Most novels dealing with the Roman Empire follow one of two avenues. Many are set firmly within the world of the Roman army, and require their authors (Simon Scarrow, Conn Iggulden, Harry Sidebottom) to be intimate with the workings of a carroballista, the fittings of a centurion's armour and the precise structure of a legionary cohort or a cavalry ala at a given moment in time. Participation in a re-enactment group would presumably help, but so, too, does Sidebottom's academic background as an expert in Roman military history. Others are set equally firmly amidst the political intrigues of Rome itself, in which case their authors (Robert Harris being the obvious example) might better be acquainted with a ruthless environment in government or business. Some manage to combine the two, as Robert Fabbri does in his Vespasian series. There is room for all of this, I think, and more.
Probably the most successful formula is to find a new angle. We all know that elephants were used in the Roman invasion of Britain, but what were the practicalities of manoeuvring a Roman elephant through a British warzone? Neither history nor archaeology can tell us much about that, but Douglas Jackson's Claudius can help us to imagine it. Robert Harris's choice of a hydraulic engineer as the protagonist of Pompeii is similarly inspired, as is Lyndsey Davis's paid informant, Falco, in The Silver Pigs (a book initially intended as a spoof, transposing the form of the American detective novel back into antiquity, but which has developed into far more than this in the series that followed).
So what remains to be written? One could tell a familiar story from an unfamiliar viewpoint (the starting point for Mantel's Tudor novels). Robert Graves chose the Emperor Claudius himself as his protagonist, but what about the perspective of his freed slave, Narcissus, who rose to be his closest adviser? Or one could build a story around a wholly fictional character. How about a brothel-keeper in Ostia? She would surely know all the gossip. Sites and museums are invaluable in imagining the world of a fictional character.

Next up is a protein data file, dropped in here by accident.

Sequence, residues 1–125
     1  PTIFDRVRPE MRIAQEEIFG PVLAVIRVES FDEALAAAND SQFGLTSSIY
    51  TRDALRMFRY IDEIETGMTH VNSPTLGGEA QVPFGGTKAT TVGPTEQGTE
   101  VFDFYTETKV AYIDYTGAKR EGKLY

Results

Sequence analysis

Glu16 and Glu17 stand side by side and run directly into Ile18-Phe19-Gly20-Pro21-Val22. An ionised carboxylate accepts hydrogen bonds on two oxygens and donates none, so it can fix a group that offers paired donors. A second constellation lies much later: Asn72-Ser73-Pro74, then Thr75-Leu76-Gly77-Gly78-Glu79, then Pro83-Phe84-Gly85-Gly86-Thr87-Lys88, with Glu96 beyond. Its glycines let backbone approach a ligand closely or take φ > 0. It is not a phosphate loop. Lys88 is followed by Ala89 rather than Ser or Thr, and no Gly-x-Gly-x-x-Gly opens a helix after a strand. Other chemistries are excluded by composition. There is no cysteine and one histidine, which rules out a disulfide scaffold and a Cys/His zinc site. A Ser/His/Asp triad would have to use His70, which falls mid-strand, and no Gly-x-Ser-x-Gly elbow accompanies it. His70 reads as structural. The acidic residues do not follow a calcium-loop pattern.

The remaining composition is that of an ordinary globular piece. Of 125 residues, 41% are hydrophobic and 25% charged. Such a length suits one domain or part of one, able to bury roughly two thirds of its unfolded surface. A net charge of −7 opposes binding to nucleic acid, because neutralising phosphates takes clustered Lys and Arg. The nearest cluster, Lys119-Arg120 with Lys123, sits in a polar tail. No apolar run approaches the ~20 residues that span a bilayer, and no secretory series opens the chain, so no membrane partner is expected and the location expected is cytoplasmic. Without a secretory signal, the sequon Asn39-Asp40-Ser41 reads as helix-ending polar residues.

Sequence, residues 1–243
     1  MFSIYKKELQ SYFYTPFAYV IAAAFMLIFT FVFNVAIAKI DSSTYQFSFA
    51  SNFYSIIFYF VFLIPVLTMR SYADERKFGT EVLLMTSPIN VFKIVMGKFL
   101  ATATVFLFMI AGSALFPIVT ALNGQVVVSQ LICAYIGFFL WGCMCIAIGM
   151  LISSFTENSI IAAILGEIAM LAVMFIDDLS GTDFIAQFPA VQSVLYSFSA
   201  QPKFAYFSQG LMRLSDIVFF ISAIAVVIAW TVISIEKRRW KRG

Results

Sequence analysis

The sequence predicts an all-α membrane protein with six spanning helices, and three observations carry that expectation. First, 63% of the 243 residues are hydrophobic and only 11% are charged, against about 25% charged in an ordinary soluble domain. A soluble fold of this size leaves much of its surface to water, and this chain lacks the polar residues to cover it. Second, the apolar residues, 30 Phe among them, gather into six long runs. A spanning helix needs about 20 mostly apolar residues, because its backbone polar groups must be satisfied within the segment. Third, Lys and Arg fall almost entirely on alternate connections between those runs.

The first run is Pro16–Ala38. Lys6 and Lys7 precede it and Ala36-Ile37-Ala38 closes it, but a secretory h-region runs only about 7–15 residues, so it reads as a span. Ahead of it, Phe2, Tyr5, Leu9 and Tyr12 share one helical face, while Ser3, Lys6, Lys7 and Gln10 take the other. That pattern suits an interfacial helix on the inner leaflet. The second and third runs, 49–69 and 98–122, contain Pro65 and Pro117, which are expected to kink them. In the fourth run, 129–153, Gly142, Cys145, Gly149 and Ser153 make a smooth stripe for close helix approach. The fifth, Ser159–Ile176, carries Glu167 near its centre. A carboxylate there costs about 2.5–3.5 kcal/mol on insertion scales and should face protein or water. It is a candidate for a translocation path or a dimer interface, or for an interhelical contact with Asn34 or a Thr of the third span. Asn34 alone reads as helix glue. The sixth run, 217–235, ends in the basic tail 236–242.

Invaluable, certainly, but no substitute for detailed research. The basic research (i.e. before writing the first sentence of the first draft) for my forthcoming novel, An Accidental King, involved a year of full-time work, much of it within the British Library, but also including visits to sites and museums in Chichester, Colchester, Thetford and Rome itself. The research continued as I wrote, and even as I edited, ensuring (hopefully) that I kept up to date with recent discoveries.
I already knew a fair amount about the Roman world, but I found an invaluable starting point to be Jerome Carcopino's (1940) Daily Life in Ancient Rome. It gives details of, for example, the monetary system, the calculation of the hours of the day, and the way in which the Romans structured their daily activities. The reader of the novel doesn't need to know these details, but the writer does. The characters won't talk about them, because they are taken for granted. From the writer's point of view, they make up the unseen base of Hemingway's iceberg ("If a writer knows enough of what he is writing about, he may omit things that he knows...The dignity of movement of an iceberg is due to only one-eighth of it being above water").
What themes in Roman life would you like to read or write about?
Mark Patton's novel, An Accidental King, set in the 1st Century AD, will be published by Crooked Cat Publications later this year.